Delivering Information: Document vs. Content


This talk aims to problematise the document, asking the following questions: what is a document? How does it impart information to its reader? Can it be replicated on screen? It proposes answers using the arguments of Hughes and King (1993) who contend that the document is a layered social artifact that exists to ‘wrap’ content. This ‘wrapping’ provides the reader with the knowledge they need in order to apply social rules to their reading of the document, and so become able to interpret its content. Some information systems writers argue that the need for social knowledge in a task negates the possibility of its automation. Following the logic of this argument, delivering a document (a container of rule) through the existing set of social rules that govern Web interaction, means that the full function of the electronically reproduced document becomes masked or confused. At best this makes the role of the document superfluous to its content, making the content difficult to interpret. At worst it makes the content incomprehensible to the user. This raises a further question: what purpose is served by reproducing documents online? Following from the above arguments, it is possible to argue that ‘pure’ content, rather than the imitation of printed paper, is likely to be a more successful way of imparting information through the Web.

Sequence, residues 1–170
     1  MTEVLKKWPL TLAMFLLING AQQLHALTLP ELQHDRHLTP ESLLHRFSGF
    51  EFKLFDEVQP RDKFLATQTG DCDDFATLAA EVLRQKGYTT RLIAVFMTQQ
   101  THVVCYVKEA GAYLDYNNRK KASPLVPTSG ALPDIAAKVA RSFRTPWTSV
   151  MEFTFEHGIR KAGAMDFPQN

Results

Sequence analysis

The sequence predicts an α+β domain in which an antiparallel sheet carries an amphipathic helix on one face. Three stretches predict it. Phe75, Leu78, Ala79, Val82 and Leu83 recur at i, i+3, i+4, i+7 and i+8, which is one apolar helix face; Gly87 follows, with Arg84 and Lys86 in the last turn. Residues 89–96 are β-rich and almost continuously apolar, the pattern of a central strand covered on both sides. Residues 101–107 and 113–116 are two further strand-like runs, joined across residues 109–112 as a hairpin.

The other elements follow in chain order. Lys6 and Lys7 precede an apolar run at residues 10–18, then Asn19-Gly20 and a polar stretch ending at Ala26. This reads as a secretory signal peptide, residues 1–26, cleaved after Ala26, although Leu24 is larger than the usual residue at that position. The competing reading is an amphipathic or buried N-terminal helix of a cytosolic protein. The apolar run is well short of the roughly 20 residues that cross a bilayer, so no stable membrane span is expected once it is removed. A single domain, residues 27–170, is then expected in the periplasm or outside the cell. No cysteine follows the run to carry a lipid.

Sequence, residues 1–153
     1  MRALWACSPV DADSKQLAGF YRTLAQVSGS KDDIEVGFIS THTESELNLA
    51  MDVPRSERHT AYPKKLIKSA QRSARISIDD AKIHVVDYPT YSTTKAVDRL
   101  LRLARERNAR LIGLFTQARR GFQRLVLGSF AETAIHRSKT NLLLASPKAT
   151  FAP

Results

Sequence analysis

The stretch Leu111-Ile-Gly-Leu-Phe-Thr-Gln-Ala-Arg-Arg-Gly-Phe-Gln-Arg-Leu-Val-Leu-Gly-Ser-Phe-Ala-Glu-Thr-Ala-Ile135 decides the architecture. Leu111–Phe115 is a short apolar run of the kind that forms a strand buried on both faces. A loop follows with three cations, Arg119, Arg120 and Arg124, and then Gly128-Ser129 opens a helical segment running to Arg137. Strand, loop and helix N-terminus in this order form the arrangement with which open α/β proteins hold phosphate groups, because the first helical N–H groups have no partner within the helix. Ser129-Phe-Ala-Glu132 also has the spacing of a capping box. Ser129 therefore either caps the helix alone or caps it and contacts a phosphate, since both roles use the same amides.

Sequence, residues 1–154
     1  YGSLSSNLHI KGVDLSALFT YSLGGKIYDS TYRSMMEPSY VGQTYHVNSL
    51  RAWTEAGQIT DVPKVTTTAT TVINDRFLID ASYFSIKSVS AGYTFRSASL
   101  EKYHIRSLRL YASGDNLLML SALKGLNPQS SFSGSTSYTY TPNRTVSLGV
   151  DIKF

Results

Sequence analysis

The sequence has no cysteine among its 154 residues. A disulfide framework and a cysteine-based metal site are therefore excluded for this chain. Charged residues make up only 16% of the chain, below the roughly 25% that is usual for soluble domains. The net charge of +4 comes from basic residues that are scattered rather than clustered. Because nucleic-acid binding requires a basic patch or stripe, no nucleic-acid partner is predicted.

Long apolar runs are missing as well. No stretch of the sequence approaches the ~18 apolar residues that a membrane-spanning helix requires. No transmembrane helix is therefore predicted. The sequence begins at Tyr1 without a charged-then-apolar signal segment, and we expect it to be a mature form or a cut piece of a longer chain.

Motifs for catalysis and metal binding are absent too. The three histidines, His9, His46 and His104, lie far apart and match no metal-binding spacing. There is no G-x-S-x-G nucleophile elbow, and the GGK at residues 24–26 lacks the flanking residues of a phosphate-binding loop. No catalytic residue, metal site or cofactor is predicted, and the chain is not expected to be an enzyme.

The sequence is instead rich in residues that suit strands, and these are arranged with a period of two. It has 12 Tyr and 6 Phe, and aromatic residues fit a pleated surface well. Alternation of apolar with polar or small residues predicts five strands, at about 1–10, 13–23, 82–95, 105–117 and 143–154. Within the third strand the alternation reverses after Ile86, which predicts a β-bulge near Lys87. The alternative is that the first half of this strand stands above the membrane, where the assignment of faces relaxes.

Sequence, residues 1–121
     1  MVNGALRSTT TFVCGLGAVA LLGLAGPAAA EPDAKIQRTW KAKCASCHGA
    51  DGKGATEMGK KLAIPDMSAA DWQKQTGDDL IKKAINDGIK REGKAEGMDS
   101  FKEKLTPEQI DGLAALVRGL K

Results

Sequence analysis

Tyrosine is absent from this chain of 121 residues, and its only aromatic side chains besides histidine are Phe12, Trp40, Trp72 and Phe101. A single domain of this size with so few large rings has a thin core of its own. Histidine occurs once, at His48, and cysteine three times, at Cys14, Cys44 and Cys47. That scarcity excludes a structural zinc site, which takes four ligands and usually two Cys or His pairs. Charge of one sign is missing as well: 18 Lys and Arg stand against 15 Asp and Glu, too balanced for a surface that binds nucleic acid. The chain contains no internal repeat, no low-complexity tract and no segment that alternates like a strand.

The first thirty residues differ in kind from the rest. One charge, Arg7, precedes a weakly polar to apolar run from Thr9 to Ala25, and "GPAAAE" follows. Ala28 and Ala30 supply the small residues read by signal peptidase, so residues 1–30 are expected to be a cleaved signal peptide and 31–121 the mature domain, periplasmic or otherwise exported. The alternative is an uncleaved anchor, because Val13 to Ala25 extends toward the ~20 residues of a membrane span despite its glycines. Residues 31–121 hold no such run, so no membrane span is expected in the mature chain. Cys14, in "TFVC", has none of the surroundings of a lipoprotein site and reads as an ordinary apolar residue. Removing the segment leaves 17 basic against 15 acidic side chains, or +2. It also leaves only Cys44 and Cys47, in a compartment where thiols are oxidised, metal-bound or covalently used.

The slides are available on the Slideshare service.